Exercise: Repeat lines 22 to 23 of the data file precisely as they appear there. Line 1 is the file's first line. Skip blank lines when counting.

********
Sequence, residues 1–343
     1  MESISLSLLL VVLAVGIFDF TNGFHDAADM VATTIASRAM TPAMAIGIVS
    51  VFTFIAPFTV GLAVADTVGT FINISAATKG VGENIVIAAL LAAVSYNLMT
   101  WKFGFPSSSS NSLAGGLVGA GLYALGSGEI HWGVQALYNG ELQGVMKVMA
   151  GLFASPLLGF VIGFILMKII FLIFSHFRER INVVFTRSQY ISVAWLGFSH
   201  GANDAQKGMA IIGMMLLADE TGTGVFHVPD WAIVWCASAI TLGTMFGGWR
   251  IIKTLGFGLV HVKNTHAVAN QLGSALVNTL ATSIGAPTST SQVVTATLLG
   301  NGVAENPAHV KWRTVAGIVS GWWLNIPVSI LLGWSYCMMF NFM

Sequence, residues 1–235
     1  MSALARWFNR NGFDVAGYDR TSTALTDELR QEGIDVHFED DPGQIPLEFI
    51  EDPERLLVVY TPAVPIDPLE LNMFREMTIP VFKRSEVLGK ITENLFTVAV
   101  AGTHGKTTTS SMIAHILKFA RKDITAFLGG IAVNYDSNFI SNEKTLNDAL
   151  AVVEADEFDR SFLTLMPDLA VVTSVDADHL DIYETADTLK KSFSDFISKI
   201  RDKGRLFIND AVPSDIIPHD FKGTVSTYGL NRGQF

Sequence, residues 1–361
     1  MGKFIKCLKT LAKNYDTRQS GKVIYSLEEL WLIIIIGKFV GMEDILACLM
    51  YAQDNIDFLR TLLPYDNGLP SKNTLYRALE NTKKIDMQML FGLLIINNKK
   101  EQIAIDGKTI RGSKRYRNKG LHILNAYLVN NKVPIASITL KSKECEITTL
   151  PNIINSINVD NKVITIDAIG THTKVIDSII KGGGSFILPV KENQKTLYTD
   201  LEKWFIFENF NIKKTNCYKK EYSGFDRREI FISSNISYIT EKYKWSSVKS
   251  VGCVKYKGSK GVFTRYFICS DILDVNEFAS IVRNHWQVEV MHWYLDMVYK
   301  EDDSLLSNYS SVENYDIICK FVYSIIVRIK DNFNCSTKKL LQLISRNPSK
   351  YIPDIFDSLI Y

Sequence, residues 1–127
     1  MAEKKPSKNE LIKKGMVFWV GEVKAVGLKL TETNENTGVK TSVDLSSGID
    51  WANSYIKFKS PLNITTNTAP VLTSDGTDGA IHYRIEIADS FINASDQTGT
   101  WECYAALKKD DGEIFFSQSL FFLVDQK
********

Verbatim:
   301  EDDSLLSNYS SVENYDIICK FVYSIIVRIK DNFNCSTKKL LQLISRNPSK
   351  YIPDIFDSLI Y